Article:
After turning over the last page, looking back at the quote that the writer included at the beginning, it echoes much more profoundly than before reading the book. “We look on past ages with condescension, as a mere preparation for us… but what if we are only an after-glow of them?” – J. G. Farrell, The Siege of Krishnapur.

Be careful of what questions you ask, for fear of what answers you may receive.

During the trial of Murena, Cicero defended him and attacked Cato: “You say that the public interest led you to start these proceedings. I do not doubt it. But you slip up because  you never stop to think. I am defending Lucius Murena not because of friendship, but for the sake of peace, quiet, unity, liberty, our self-preservation – in short the very lives of us all. Listen gentlemen (the jury), listen to a consul who spends all his days and nights in nonstop thinking about the republic. It is vital that there are two consuls in the state on the first day of January. Plans have been laid by men among us now to destroy the city, slaughter the citizens, and obliterate the name of Rome. I give you warning. My consulate is reaching its dying days. Don’t take from me the man whose vigilance should succeed mine. Do not remove the man to whom I wish to  hand over the republic still intact, for him to defend against these deadly perils.” In Tiro’s words from Lustrum: Cicero’s delivery became more and more powerful as he went on, and I was reminded of some strong and graceful fish that had been tossed, apparently dead, back into the water – inert at first and belly-up; but then suddenly, on finding itself returned to its natural element, with a flick of its tail, it revives. In the same way Cicero gathered strength from the very act of speaking, and he finished to prolonged applause not only from the crowd but from the jury.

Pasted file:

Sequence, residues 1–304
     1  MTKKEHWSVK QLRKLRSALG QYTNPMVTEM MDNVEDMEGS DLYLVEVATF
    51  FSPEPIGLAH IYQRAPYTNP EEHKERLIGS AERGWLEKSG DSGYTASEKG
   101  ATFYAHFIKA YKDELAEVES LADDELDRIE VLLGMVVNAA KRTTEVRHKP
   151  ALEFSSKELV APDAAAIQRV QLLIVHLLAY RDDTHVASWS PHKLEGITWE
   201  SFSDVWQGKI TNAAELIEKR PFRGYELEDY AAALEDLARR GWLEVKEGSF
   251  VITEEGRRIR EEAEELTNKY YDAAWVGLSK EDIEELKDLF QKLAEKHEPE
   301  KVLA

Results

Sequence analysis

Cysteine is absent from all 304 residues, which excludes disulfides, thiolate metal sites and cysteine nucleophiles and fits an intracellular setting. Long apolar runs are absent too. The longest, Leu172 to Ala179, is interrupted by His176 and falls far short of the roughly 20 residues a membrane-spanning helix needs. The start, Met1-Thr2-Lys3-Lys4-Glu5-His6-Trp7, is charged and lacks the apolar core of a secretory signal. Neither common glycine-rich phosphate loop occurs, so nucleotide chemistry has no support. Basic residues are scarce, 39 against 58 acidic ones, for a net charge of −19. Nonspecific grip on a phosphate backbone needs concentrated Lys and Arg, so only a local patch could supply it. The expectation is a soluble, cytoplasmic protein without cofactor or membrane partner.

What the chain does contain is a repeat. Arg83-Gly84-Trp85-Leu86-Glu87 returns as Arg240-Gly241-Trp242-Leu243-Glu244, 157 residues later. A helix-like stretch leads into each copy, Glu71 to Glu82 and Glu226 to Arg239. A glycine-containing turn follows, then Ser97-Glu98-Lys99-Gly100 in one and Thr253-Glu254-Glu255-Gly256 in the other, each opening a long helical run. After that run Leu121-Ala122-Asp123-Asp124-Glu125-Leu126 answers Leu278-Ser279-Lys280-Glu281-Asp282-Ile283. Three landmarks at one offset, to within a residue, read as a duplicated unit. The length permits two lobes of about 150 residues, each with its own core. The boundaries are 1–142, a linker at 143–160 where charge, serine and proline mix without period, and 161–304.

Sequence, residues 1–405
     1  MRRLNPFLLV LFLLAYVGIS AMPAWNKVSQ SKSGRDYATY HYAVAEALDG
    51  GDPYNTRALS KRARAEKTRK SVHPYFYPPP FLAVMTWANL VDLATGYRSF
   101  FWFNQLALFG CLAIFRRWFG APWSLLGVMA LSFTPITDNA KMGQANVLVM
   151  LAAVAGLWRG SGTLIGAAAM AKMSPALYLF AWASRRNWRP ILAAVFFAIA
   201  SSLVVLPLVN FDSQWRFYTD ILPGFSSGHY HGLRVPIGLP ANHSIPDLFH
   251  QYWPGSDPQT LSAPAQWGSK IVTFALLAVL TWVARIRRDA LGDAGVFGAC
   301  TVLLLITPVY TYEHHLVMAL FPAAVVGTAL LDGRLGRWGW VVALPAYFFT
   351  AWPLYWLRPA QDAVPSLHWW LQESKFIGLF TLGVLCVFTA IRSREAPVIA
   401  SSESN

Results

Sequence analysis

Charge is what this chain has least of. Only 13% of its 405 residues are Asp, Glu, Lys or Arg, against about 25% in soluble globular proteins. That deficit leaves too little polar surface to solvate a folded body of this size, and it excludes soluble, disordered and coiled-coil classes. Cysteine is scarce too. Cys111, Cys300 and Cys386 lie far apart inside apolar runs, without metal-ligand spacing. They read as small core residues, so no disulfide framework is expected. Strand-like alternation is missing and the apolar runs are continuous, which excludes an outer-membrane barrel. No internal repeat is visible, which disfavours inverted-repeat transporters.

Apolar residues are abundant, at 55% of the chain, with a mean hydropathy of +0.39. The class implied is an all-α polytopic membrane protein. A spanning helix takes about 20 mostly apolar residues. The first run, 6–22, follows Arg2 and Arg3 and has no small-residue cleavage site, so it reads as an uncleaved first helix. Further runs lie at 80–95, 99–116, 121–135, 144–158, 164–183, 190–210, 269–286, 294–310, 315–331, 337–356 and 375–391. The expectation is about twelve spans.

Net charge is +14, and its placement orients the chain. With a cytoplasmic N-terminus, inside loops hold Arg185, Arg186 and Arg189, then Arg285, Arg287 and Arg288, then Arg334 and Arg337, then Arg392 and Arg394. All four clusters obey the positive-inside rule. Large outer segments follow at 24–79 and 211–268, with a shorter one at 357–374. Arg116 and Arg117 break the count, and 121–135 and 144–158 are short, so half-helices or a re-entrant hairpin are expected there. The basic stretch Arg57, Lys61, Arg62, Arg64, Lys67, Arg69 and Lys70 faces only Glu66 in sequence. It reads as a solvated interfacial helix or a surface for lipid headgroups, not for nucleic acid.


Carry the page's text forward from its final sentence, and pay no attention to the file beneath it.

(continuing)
The tricks of political campaigning that Clodius learned from Cicero: keep your speeches short, remember names, tell jokes, put on a show; above all, render an issue, however complex, into a story anyone can grasp.

Mark my words, Tiro: all regimes, however popular or powerful, pass away eventually.

I could not bear to watch, and yet at the same time it was impossible to tear one’s eyes away, for the ending of a great career is an awesome thing to behold, like the felling of a mighty tree. For a moment or two longer Lucullus remained upright. Then, very creakily, with joints stiff from years of military campaigning, he got down first on one knee and then on the other, and bowed his head to Caesar while the Senate looked on in silence.

Cato listed out the fourth option for Cicero before Cicero had to exile from Rome: From the Stoic point of view, suicide has always been considered a logical act of defiance for a wise man. It is also your natural right to put an end to your anguish. And frankly it would set an example of resistance to tyranny that would stand for all time. I disagree with Cato’s words so strongly that I felt the urge of quoting him here. To my delight, Cicero did not take his advice.

The dilemma returned: read the third book of the trilogy, partially for the sheer pleasure of enjoying Harris’ beautiful mastery of the English language and finding out what is next for Cicero, as one inner voice anxiously is pleading to me; “No, stop it! You know very well what would be the end of third book, The Roman Republic was turned into a dictatorship by Caesar who was then killed well-deservedly, followed by Cicero being murdered some time later.” another inner voice is shouting at me.